30 When Zebul the governor of the city heard what Gaal son of Ebed said, he was very angry. 31 Under cover he sent messengers to Abimelech, saying, “Gaal son of Ebed and his brothers have come to Shechem and are stirring up the city against you. 32 Now then, during the night you and your men should come and lie in wait in the fields. 33 In the morning at sunrise, advance against the city. When Gaal and his men come out against you, do whatever your hand finds to do.”

34 So Abimelech and all his troops set out by night and took up concealed positions near Shechem in four companies.

Zebul advised Abimelech to organize a surprised attack against the rebels of Shechem.

35 Now Gaal son of Ebed had gone out and was standing at the entrance to the city gate just as Abimelech and his soldiers came out from their hiding place.

36 When Gaal saw them, he said to Zebul, “Look, people are coming down from the tops of the mountains!”

Zebul replied, “You mistake the shadows of the mountains for men.”

37 But Gaal spoke up again: “Look, people are coming down from the center of the land, and a company is coming from the direction of the soothsayers’ tree.”

38 Then Zebul said to him, “Where is your big talk now, you who said, ‘Who is Abimelech that we should be subject to him?’ Aren’t these the men you ridiculed? Go out and fight them!”

39 So Gaal led out the citizens of Shechem and fought Abimelech. 40 Abimelech chased him, and many fell wounded in the flight—all the way to the entrance to the gate. 41 Abimelech stayed in Arumah, and Zebul drove Gaal and his brothers out of Shechem.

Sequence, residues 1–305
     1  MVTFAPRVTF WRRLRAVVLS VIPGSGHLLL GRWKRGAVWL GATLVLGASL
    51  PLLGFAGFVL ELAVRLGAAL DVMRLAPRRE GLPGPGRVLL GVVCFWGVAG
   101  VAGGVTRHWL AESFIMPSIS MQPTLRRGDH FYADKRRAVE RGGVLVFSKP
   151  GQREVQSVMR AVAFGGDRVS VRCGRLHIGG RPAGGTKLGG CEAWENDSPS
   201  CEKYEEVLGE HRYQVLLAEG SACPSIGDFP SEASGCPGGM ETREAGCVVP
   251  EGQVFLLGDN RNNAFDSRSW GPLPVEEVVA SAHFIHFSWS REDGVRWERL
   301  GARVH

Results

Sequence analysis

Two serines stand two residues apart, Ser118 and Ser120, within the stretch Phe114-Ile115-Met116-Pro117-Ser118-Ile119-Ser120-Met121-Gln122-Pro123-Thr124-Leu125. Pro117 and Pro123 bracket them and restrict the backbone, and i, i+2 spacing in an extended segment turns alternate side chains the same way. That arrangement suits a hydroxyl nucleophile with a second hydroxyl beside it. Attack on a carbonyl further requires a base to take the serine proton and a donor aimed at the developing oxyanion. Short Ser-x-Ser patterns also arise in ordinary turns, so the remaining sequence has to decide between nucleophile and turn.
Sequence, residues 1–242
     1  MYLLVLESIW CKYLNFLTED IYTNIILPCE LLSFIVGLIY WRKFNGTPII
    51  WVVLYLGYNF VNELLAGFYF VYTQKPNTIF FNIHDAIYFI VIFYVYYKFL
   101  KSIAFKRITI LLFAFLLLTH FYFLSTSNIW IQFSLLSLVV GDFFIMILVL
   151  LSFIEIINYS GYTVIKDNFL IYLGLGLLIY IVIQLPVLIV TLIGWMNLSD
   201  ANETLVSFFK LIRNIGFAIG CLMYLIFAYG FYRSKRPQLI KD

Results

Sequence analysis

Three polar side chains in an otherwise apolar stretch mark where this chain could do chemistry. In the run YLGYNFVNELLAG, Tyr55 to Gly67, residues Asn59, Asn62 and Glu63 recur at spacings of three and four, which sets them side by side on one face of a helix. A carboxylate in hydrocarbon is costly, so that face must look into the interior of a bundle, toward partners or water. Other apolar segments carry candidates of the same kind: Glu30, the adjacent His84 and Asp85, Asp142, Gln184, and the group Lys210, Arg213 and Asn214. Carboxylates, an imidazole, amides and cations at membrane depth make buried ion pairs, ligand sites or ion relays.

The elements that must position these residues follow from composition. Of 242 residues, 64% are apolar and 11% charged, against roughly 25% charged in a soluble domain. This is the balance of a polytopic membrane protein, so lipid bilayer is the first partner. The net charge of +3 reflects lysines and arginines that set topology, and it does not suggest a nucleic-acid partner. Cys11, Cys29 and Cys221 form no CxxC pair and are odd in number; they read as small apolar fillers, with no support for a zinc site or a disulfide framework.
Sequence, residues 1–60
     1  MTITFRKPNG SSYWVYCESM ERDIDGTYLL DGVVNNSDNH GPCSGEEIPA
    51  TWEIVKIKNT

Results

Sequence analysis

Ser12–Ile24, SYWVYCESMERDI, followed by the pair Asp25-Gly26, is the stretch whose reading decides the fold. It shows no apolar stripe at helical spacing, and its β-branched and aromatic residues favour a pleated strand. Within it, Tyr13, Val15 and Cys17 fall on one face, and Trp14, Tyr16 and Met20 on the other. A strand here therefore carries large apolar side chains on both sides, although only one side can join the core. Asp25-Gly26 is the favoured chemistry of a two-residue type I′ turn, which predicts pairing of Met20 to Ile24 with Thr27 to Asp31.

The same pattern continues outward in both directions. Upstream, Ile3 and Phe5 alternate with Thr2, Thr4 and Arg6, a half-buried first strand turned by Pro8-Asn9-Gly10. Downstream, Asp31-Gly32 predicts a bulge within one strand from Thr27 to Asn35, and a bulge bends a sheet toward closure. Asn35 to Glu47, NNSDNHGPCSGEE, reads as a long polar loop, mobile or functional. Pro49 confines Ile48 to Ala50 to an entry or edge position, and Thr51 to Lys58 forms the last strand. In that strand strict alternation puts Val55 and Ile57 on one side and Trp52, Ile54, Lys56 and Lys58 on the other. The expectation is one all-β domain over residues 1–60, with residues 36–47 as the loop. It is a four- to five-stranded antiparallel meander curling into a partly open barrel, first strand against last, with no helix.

42 The next day the people of Shechem went out to the fields, and this was reported to Abimelech. 43 So he took his men, divided them into three companies and set an ambush in the fields. When he saw the people coming out of the city, he rose to attack them. 44 Abimelech and the companies with him rushed forward to a position at the entrance to the city gate.

With the resistance of Gaal defeated, Abimelech would find it easy to establish his control over the city of Shechem again.

Abimelech then turned his fury against the people of Shechem; he killed as many of them as he could and he demolished their city.

Then two companies rushed upon those in the fields and struck them down. 45 All that day Abimelech pressed his attack against the city until he had captured it and killed its people. Then he destroyed the city and scattered salt over it.

46 On hearing this, the citizens in the tower of Shechem went into the stronghold of the temple of El-Berith. 47 When Abimelech heard that they had assembled there, 48 he and all his men went up Mount Zalmon. He took an ax and cut off some branches, which he lifted to his shoulders. He ordered the men with him, “Quick! Do what you have seen me do!” 49 So all the men cut branches and followed Abimelech. They piled them against the stronghold and set it on fire over the people inside. So all the people in the tower of Shechem, about a thousand men and women, also died.

A massacre.

Do you remember?

The city of Shechem plays a significant role in many Old Testament events. An important commercial, political, and religious center, it was located in the Hill Country of Ephraim, about 30 miles north of Jerusalem. Today the city is identified with Nablus, the largest community in the occupied West Bank.

~Abraham passes through here  (Genesis 12:6-7).

~Jacob buys a plot of land here and his daughter, Dinah, is raped  (Genesis 34).

~Jacob’s sons tend sheep here, then go to Dothan where Joseph eventually finds them  (Genesis 37:15-17).